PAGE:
This group needs extra financial help, but stimulus checks are too blunt an instrument for them. The cost of sending significantly larger incentive checks to everyone far outweighs the benefits of helping relatively few additional Americans.

If the United States is able to successfully get widespread vaccinations by the end of June, economic activity should accelerate in July as it picks up consumer comfort drives up expenditure and employment, reducing the need for government support in the second half of the year. Although vaccine mutations and labor market scars pose serious risks baseline outlook, improvements in unemployment insurance offer the best approach to managing these risks, as detailed below.

Recommendation: Lower income thresholds and increase payments for children

Low-income households and parents were most desperate for their second stimulus checks and will likely need additional incentives in the future. According to a survey conducted in early February, Americans with an annual household income of less than $50,000 already spent about 67 percent of the money received.

Stimulus checks issued to households earning more than $100,000 a year and less than $174,000 a year were less necessary, even though there were two or more people living in those households. This shows that the income limits for householders and joint filing of adults used in the second package of measures against the coronavirus were too high.

Redirecting the money sent to higher-income households to lower-income households or helping small businesses would increase consumer spending and reduce more financial hardship. For example, if Congress lowered the cap to $100,000, 20 million Americans could pay their bills through July, down from 2.6 million adults. The money that the government saves by lowering the upper income limit for householders and married people could be funneled on to parents with children or other financially vulnerable groups.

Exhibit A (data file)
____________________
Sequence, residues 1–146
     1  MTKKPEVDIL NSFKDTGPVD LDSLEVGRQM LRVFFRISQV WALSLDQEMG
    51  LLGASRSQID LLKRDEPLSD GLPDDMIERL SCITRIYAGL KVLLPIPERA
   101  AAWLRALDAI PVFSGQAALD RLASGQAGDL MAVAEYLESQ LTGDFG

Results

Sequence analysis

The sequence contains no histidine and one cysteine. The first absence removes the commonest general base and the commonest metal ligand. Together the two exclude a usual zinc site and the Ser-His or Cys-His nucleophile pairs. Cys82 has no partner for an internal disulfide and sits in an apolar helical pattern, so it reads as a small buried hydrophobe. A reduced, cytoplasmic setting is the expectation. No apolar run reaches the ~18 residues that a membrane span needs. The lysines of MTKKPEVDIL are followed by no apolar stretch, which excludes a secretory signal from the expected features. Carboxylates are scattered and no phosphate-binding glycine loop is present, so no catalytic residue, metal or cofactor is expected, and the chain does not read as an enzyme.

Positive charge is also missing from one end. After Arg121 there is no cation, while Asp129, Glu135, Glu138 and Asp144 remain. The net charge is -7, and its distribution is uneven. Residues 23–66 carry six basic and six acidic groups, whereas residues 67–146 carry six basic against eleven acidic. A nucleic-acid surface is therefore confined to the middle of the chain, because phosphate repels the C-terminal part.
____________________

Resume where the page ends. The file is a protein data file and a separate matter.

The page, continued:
Data on parents also shows how hard the pandemic is hitting them. Single parents spent an average of 70 percent of the money they received from the second stimulus check, while parents with two partners spent 65 percent of their checks, compared to 60 percent with non-parents. The third round of incentives should increase the additional money eligible parents receive per child.

Recommendation: Extend federal unemployment benefits through September and implement automatic stabilizers to prevent future benefit disruptions

The second coronavirus aid package included a federal unemployment boost of $300 per week for those receiving benefits. Due to limitations in states’ processing systems, about 1 in 3 unemployment insurance recipients have yet to receive the federal boost, according to Morning Consult’s research.

Congress should extend the unemployment insurance provisions included in the second coronavirus relief package until the end of September and adopt automatic stabilizers as a risk-mitigating strategy against ineffective vaccinations and long-term scars in the labor market. Congress exacerbated the economic downturn in November and December by adopting a wait-and-see attitude to expand expanded unemployment benefits. There is no good reason to have to learn this lesson a second time.